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I am trying to understand the process address space.

We know that each process in a 32-bit OS has a a 4GB block of memory addresses also called as the virtual address space. A portion of the virtual address space must be reserved to the kernel for OS interactions. So this address space is divided into user space(2/3 GB) and kernel space(2/1 GB).

Suppose I have two applications running on my system, 1) notepad.exe 2) word.exe
This means that for both notepad.exe and word.exe 4 gb space each will be allocated.
My understanig is that both notepad.exe and word.exe will have seperate 2 gb of user space each and seperate 2 gb of system space each.
Is my understanding correct?

Now in site http://msdn.microsoft.com/en-us/library/windows/hardware/hh439648(v=vs.85).aspx it is written that "Each user-mode process has its own private virtual address space, but all code that runs in kernel mode shares a single virtual address space called system space. ".

I am not able to get the statement "all code that runs in kernel mode shares a single virtual address space called system space".

With respect to above example does this means that both notepad.exe and word.exe will have seperate 2 gb of user space each. But both will share 2 gb of system space?


Pls clarify my doubt.
Posted

I only have an understanding from WinCE programming but yes in essence your correct in that the processes share the same piece of kernel memory.
However this part of the address space is not normally accessible by the process and so cannot be addressed in the same way as other parts of the process space because you should get an access violation if you try to read or write from or to it.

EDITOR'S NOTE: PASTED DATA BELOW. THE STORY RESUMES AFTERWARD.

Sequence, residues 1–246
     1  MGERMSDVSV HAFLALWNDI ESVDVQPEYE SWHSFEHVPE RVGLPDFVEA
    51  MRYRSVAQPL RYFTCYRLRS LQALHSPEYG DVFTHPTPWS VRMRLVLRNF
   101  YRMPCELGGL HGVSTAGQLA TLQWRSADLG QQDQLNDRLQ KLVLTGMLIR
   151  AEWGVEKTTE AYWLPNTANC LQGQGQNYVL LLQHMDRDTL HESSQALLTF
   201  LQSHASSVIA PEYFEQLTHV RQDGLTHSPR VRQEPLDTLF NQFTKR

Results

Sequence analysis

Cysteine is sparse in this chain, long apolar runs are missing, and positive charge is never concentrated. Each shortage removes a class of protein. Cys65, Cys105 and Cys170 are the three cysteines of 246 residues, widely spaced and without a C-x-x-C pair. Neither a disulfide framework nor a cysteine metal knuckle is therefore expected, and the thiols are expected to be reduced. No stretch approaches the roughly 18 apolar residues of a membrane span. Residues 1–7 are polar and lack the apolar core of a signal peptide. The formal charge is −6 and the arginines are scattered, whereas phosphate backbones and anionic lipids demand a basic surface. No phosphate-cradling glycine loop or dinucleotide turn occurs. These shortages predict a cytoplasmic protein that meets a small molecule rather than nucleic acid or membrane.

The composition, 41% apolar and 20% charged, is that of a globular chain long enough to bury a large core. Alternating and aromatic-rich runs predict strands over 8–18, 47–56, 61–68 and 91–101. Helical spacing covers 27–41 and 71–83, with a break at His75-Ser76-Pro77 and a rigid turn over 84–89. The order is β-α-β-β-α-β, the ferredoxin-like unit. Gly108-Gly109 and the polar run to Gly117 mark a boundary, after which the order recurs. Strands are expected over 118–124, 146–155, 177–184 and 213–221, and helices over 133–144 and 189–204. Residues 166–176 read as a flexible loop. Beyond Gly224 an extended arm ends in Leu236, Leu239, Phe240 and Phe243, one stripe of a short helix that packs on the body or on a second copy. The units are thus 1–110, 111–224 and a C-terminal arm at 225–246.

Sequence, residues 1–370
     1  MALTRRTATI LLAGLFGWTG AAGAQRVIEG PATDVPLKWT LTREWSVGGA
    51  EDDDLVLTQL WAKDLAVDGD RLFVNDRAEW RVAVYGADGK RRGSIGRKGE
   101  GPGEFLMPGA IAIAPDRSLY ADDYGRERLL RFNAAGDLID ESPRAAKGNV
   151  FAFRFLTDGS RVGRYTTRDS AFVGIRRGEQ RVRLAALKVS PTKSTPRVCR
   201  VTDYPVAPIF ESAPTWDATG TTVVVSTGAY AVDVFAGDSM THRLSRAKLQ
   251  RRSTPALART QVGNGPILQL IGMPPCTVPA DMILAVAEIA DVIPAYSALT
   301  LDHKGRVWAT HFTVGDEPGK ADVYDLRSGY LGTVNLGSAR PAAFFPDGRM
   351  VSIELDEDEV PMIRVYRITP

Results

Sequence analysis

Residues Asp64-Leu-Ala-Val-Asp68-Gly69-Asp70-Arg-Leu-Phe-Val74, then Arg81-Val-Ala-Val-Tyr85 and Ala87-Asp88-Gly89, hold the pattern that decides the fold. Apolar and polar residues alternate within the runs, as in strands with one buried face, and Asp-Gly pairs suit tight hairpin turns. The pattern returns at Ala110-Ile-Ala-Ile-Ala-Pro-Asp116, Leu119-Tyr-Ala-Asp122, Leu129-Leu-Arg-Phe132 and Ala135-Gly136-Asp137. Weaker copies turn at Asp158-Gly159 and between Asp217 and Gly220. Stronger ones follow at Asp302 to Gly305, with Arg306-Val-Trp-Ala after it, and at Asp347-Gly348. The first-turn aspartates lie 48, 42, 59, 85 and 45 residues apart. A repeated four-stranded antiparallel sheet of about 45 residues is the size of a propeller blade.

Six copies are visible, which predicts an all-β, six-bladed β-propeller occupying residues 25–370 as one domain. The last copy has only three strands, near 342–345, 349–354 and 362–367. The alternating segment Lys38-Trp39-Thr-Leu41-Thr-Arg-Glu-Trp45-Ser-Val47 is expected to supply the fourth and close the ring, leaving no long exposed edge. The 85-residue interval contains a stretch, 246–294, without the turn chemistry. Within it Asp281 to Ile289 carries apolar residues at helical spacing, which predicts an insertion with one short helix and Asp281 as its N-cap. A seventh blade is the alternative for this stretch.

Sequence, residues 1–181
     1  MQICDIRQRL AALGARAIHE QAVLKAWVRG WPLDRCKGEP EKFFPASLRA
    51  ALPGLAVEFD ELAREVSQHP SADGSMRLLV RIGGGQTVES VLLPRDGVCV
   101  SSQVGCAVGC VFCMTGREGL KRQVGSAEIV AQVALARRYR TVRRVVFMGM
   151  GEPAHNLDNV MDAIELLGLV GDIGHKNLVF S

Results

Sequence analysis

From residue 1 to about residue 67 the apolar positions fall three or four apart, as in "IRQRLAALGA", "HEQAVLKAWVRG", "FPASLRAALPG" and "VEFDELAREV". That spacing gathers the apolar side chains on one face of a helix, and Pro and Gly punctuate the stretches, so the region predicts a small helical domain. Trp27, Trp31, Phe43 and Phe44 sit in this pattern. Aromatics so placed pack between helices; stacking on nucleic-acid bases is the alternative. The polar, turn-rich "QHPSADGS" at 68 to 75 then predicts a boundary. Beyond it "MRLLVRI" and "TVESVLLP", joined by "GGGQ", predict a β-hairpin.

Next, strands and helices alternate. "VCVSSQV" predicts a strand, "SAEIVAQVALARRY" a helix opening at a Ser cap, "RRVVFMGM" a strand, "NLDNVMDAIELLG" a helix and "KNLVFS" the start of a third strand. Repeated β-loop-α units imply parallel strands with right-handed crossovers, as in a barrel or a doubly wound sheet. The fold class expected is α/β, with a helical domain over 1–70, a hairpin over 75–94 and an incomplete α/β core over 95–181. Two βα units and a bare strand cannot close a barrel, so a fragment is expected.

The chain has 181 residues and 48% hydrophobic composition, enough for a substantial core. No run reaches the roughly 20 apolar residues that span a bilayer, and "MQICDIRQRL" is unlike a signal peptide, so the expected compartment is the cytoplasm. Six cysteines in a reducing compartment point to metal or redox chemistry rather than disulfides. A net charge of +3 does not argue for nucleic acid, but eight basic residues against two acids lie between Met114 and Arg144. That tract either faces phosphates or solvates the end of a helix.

This is why you have to be very careful when giving a piece of code Kernel level access, usually very low level code such as drivers might have access.
Or remote debugging tools might as it is sometimes useful to look into the kernel area for a list of the running processes and the stack of the processes.

But as a general rule Kernel access should be restricted as much as possible in my view.
 
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The statement

"all code that runs in kernel mode shares a single virtual address space called system space"


is clear to me: there is ONE kernel virtual address space in the system.

Please note that just the virtual address space of each process is 4GB, not the allocated memory.

 
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rupeshkp728 14-Nov-11 5:07am    
So this means that both notepad.exe and word.exe will have seperate 2 gb of user space each. But both will share 2 gb of system space?
CPallini 14-Nov-11 5:29am    
System space is ONE, hence it is shared.
rupeshkp728 14-Nov-11 5:42am    
Thanks for the clarification.
CPallini 14-Nov-11 5:53am    
You are welcome.
'Virtual address' means that the addresses you can use in your program are not actual physical addresses, but have to be translated to the real address. This is the task of the MMU. The MMU originally started out as an additional chip on the motherboard, but was integrated into the CPU some time in the nineties. Among other things, the MMU takes care of paging, and emulating the allocation of big continuous chunks of memory even when the physical memory is too fragmented to find a sufficiently large space.

The system space is the part of the physical memory that system DLLs and the like are loaded into. To save space, all process will share this system space, and therefore the MMU will map the accesses of all processes to system functions into this physical space. The addresses of these system functions may still appear different if viewed from the virtual address space of different processes, but the resulting physical addresses the MMU determines will be the same for all processes.
 
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rupeshkp728 14-Nov-11 15:44pm    
Thanks Stefan your well explained note clears it all.
 
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System space of a process contains various data structures such as HANDLE table, PAGE Table etc which are process specific.THIS SPACE CANNOT BE SHARED




But the CODE (and not data) accessed by various processes will be shared (i.e. in case of same DLL loaded by various processes)
 
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rupeshkp728 14-Nov-11 5:42am    
Thanks Prafulla for the reply.

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